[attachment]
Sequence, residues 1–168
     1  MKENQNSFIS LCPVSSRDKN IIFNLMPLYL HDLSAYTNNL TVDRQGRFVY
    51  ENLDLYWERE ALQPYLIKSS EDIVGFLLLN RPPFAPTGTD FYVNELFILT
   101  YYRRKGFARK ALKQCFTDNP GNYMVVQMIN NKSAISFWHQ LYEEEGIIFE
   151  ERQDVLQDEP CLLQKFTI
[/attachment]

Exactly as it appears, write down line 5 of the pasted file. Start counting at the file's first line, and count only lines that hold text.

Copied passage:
   151  ERQDVLQDEP CLLQKFTI